Two Tempe police officers were among three people who were taken to a hospital with non-life-threatening injuries after a fire broke out at an apartment overnight.
Crews from Tempe Fire Medical Rescue and Mesa Fire and Medical responded to a call at an apartment complex near McClintock Drive and Apache Boulevard. They found a third-floor apartment on fire. The fire began around the kitchen area.
The apartment complex "was not sprinklered," fire officials said.
Crews were able to quickly extinguish the fire and keep it from spreading to other apartments.
All three people who were taken to the hospital had non-life-threatening injuries.
The Greater Phoenix Chapter of American Red Cross responded to the fire.
The fire displaced approximately eight people throughout five apartment units, according to a statement from the Red Cross.
KPNX-TV NBC 12 Phoenix
The 100 Club of Arizona is offering two mobile apps, sponsored by the Bob and Renee Parsons Foundation, to help first responders find mental health resources from a distance, as they cope with the COVID-19 pandemic and beyond.
The Bulletproof app for all sworn officers, non-sworn/professional staff and family members is available now, free of charge, for any iPhone or Android device. It is available via the App Store or Google Play
Fireproof, an app for all sworn firefighters, non-sworn fire department staff and family members, will be available via the App Store or Google Play next month.
A special, department specific code is required to access the apps. First responders and their families can request the code from their agency’s wellness coordinator.
“Recent studies have found we’re losing more first responders to suicide than in the line of duty,” said Angela Harrolle, 100 Club of Arizona CEO. “In Arizona, we lost 12 first responders to suicide in 12 months beginning in 2019.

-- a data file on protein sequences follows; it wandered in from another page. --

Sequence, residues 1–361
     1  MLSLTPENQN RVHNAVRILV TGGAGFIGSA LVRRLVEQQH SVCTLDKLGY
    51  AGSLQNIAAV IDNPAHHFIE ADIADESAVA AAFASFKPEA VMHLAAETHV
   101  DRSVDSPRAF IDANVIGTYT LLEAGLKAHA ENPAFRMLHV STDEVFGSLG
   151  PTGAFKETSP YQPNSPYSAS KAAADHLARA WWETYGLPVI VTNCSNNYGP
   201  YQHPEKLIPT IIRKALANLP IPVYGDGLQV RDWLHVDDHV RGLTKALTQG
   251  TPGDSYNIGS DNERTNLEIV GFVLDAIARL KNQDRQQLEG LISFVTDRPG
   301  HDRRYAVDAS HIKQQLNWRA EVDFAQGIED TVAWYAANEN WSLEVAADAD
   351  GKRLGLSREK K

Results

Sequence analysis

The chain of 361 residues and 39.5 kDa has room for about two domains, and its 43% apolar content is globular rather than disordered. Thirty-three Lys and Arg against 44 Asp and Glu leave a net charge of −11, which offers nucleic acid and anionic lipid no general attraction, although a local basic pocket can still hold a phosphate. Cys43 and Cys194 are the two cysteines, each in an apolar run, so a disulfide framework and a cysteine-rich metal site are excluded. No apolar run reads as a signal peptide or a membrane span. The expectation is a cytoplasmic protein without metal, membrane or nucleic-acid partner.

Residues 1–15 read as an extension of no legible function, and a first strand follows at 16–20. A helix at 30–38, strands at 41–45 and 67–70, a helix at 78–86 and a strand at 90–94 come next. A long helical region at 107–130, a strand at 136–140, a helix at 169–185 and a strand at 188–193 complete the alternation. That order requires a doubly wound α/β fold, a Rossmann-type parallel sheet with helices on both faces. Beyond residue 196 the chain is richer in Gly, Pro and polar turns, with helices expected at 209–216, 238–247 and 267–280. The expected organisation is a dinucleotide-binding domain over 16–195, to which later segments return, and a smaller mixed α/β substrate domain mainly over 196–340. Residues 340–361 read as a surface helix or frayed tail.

Sun Cities Independent
Mesa and Phoenix have joined forces to order four million masks to protect firefighters and police officers against COVID-19.
Fire Chief Mary Cameli told Mesa City Council last week that firefighters are using the masks at a higher rate than before the outbreak and that they are tapping into a supply of 9,000 expired masks still in storage.
“They are being a little more cautious about it. Right now, we are using it way more than we ever have,’’ she said.
Last year, Mesa firefighters used 4,500 N95 masks, but already have used 2,500 this year, Cameli said. Less effective surgical masks are being used on patients when firefighters perceive a risk.
While the masks might be worn in response to more than one call, they are never used beyond one day, she said.
Mesa also received 100 masks over the weekend from the Federal Emergency Management Agency, Cameli said, and more shipments are anticipated.
East Valley Tribune
The Water Wheel Fire and Medical District announced it has a new piece of firefighting equipment, a four-wheel drive Type 1 engine.
The new engine could impact the Insurance Services Office (ISO) rating for the communities it serves, which could mean lower insurance rates for residents.
The engine complements the district’s other equipment by making it possible to have full firefighting capabilities at each of its stations in its 55-square-mile territory.
“The truck has an extremely short wheelbase and four-wheel drive which is ideal for maneuvering on the narrow, winding Forest Service roads in our communities throughout our fire district,” said Ron Sattlemaier, fire chief for the district.
“We now have three of our four Type 1 engines with four-wheel drive which is a great asset for us, especially in the winter dealing with snow-covered roads.”
The district purchased the engine from a fire department in Wisconsin.
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